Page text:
It is a steel 9 para, but with a big hole in the base.
What is it ? And value please.
It is a steel 9 para, but with a big hole in the base.
JP, Just worked my way down to this one. I think this is probably a Finnish dummy, but I’m in Dayton and my collection is home in Atlanta so I working out of an aged memory. These are not greatly rare, but a nice item. My guess is the value is 25-40 ($s in the US, Euros in Europe).
When I get home I’ll check and see if this is Finnish. I have a slight memory that someone else may have made a similar dummy.
If I come up with a different answer, I’ll update this post.
Lew and J-P: I associate this cartridge with Sweden. The first one I received was acquired for me at the Carl Gustav Factory, where they were used by workmen for various purposes. It is stamped the the Crown over the letter “C”, the cipher of the Carl Gustavs Stads factory. I later acquired an almost identical one without any marks on it, also out of Sweden. It has a very slight less beveled rim, and not so heavily beveled inside the mouth of the hole. My third variation, which I have attributed to Sweden but could be from somewhere else, has no markings, an extractor groove and bevel identical to the others, but the hole in the head of the cartridge is a little smaller (still large, but smaller than the known Swedish ones).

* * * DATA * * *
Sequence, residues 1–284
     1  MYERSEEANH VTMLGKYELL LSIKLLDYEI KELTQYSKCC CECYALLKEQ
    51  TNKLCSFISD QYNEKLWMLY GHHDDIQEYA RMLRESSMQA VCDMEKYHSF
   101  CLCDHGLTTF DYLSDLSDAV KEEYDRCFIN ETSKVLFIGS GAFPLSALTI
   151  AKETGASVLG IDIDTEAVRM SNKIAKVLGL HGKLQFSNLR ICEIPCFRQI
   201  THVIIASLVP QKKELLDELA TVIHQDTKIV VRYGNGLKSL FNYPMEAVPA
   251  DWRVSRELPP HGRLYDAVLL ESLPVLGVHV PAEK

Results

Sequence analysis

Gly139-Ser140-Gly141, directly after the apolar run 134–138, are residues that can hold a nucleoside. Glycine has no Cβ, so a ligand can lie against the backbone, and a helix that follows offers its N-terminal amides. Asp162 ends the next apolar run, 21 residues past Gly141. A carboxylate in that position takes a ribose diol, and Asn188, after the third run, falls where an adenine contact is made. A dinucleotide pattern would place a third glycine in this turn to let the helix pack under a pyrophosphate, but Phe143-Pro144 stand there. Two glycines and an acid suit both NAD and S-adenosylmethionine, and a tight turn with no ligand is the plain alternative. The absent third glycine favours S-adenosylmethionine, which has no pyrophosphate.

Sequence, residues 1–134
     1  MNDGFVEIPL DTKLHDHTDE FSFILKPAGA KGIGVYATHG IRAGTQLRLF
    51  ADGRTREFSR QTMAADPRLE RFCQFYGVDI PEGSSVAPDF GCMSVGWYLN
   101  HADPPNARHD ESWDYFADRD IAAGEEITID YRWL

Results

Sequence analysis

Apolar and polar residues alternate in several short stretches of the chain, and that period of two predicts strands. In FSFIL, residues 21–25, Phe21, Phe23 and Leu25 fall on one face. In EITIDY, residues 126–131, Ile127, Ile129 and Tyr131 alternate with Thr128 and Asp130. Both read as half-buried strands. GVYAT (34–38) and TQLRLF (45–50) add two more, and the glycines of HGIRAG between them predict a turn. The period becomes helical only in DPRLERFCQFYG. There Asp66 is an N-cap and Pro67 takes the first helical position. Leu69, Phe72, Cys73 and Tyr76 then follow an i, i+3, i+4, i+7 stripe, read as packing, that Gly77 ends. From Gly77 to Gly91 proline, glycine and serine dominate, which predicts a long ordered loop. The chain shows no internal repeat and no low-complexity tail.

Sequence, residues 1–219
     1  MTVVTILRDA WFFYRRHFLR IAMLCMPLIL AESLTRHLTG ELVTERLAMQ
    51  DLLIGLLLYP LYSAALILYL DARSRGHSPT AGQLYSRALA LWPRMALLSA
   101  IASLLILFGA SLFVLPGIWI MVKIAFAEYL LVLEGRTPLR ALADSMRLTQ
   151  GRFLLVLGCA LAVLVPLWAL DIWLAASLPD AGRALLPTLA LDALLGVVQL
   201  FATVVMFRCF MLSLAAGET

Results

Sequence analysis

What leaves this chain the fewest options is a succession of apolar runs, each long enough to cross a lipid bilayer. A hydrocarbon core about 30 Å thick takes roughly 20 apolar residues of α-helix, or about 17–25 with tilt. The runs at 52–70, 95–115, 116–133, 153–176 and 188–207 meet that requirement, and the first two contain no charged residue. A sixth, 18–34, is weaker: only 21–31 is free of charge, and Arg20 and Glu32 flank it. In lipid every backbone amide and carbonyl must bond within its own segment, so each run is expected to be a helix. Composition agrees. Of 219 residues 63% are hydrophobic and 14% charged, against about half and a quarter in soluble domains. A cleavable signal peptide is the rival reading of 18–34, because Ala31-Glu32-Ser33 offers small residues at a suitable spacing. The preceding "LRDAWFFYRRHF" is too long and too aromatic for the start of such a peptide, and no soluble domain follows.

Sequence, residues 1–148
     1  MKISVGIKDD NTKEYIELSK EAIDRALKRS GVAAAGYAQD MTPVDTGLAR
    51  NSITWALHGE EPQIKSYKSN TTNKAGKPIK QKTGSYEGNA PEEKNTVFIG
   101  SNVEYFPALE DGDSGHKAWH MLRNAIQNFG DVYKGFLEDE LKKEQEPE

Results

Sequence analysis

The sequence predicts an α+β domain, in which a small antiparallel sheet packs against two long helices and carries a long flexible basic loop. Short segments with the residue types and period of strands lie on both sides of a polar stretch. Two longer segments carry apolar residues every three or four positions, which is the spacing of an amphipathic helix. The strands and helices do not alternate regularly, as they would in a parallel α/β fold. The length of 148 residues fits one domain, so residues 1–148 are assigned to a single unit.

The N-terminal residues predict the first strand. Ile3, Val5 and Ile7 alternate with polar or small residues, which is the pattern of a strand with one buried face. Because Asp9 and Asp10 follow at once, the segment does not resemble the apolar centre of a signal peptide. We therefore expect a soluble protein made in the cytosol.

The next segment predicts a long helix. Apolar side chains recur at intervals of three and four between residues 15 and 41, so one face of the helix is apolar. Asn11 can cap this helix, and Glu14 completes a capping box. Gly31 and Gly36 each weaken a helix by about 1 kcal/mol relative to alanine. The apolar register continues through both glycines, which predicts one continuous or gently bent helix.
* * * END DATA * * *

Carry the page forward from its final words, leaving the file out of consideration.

The one J-P pictures is the version with the larger hole in the head of the cartridge, appears identical in all respects to the one I have with the cipher on it, and it is my opinion it is Swedish. The Third variation I mention above could be Finnish I suppose, although it has the same “look” as my other two. I acquired it unidentified at a St. Louis show.
Considering that these are tool dummies meant for use at factory and armory level, it would seem, it is surprising that they are somewhat common.
Considering that these are tool dummies meant for use at factory and armory level, it would seem, it is surprising that they are somewhat common.[/quote]
Do you say that because you think if I have a ctge it means it is common??